Tisso Lake – Carnival/Canter 7″

tl If you head over to the Tissø Lake Bandcamp page you can pick up a copy of a new 7″ they’ve just released, and umm, by the fact that I here posting about it I suppose you’ve already realised that I recommend that you do.

That you probably don’t know too much about Tissø Lake is probably more down to Ian Humberstone himself – the man behind the project – than anything else. Not that he’s not a lovely guy, because he is, and not that he’s one of these artists who deliberately sabotages their own success either, because he doesn’t. In Ian’s case he just doesn’t play all that much, although I don’t know if that’s a deliberate decision or not, and he really doesn’t release that much either.

As a label who has released at least one thing by Ian, albeit under his own name, I’ve tried to encourage him to record and release more stuff as subtly as I can. Artists can be funny when you are trying to encourage them to do things though, and when you don’t know someone all that well genuine enthusiasm can come across as bungling harassment, so for someone not generally known for tact or sensitivity, I’ve tried to tread as carefully as I can.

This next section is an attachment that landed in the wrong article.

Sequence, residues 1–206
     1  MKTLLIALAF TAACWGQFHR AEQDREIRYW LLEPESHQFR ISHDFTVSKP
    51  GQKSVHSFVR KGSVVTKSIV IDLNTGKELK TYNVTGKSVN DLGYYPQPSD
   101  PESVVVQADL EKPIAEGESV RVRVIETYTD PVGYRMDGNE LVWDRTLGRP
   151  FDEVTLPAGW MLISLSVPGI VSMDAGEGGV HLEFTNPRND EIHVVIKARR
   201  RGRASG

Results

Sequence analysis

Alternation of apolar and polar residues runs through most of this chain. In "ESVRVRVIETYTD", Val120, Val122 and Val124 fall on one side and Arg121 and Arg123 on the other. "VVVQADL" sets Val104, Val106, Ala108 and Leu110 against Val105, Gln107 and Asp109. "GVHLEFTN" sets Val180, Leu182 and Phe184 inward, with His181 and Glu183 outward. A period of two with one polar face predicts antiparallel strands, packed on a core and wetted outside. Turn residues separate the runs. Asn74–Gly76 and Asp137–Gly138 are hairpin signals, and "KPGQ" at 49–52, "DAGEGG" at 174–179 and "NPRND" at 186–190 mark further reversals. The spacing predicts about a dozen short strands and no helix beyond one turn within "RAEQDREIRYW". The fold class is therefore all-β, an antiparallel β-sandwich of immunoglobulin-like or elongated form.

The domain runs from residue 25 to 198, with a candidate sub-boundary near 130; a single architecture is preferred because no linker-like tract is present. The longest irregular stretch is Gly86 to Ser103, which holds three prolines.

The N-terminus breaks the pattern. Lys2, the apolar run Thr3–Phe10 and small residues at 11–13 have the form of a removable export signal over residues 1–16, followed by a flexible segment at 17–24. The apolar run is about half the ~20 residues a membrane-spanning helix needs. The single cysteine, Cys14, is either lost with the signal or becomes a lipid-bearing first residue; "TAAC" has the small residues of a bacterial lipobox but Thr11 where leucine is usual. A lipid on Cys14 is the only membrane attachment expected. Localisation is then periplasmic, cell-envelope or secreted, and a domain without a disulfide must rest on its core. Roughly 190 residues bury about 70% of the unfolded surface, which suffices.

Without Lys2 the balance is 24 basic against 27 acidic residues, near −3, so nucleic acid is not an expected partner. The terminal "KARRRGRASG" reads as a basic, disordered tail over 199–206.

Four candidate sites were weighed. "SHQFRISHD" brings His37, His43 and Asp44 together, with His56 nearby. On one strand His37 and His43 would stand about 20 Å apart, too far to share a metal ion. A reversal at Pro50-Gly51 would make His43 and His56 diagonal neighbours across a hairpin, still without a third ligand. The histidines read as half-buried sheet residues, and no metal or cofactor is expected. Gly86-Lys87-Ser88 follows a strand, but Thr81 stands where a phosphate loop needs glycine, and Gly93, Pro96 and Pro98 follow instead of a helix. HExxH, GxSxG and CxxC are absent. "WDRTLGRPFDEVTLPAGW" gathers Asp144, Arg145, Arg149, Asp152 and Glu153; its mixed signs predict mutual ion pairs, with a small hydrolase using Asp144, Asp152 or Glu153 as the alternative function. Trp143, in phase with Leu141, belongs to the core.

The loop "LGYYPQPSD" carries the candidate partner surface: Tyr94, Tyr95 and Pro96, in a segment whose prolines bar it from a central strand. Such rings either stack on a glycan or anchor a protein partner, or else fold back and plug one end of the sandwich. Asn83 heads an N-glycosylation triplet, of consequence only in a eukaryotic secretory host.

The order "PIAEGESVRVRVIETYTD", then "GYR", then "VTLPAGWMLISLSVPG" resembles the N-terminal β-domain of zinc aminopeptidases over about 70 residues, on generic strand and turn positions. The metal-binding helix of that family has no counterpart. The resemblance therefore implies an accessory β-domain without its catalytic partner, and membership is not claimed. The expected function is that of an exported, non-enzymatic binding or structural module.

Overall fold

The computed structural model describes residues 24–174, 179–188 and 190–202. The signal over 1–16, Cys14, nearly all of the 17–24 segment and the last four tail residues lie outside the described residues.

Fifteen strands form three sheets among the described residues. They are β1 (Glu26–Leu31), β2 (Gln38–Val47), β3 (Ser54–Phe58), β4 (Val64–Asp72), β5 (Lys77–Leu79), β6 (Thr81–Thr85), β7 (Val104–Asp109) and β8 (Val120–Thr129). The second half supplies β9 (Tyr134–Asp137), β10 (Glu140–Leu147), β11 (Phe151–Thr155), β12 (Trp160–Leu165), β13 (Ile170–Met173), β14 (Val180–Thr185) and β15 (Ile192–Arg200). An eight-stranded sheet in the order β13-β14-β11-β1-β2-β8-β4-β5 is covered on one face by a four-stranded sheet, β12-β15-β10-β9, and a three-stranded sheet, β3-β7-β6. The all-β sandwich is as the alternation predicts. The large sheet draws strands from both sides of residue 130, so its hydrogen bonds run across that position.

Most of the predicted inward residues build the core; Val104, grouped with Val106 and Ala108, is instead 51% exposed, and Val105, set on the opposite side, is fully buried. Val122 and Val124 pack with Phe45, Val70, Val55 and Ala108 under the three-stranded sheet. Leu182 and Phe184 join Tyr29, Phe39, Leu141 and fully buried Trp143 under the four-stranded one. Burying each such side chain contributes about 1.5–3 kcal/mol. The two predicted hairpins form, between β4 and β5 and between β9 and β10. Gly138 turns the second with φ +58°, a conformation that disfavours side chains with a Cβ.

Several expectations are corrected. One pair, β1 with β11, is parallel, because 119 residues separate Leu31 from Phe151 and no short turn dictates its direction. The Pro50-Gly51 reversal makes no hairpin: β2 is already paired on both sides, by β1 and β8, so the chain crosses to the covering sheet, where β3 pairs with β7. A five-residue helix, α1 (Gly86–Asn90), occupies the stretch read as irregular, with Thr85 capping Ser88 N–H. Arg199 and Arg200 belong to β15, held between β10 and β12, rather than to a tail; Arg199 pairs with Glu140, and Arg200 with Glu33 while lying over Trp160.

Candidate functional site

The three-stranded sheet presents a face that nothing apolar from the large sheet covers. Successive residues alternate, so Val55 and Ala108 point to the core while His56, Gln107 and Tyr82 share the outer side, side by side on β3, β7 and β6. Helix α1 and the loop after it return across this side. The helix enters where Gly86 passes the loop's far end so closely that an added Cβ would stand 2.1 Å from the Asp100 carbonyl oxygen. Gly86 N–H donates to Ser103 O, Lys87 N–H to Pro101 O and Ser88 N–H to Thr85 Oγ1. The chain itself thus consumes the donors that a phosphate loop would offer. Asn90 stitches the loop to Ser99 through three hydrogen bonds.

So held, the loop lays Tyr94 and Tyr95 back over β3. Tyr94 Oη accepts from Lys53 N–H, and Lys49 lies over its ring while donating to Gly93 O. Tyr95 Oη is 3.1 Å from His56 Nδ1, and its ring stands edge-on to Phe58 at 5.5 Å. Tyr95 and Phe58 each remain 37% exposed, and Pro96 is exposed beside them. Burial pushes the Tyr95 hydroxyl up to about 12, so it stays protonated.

Anyhow, apparently Ian is just someone who likes to work at his own pace and in his own way and won’t really be pushed into stuff until he’s good and ready, but the pace of new releases seems to have increased recently and there is talk of an album happening in the relatively near future, which is most exciting news.

Before that, however, there is this. It’s less glacial than some of his previous things, which can either have a late-evening sense of gentle comfort to them or a reassuring twinkle. In this case there’s more of a clip to the songs, with Carnival dancing around to the tune of a disciplined violin which sounds really quite traditional most of the time. This song and Canter work in much the same way, with that lovely violin playing over a rolling, plucked acoustic guitar.

I think it’s probably Canter which most obviously embodies why I like Humberstone’s work so much. I might just prefer Carnival (that’s not a value judgement, it’s primarily because it’s not an instrumental and he has a gorgeous voice) but towards the end of Canter the violin and guitar rise to increasingly bitey* little squawks, not too abrasive, but just enough to make this weird and interesting. And that, I think, is the essence of what makes Tissø Lake such a rewarding listen: in amongst a wash of warm, gorgeous, reassuring music there are these constant moments of surprise to stop you getting complacent and lazy as a listener.

*Yes, it’s a word. Because I said so.

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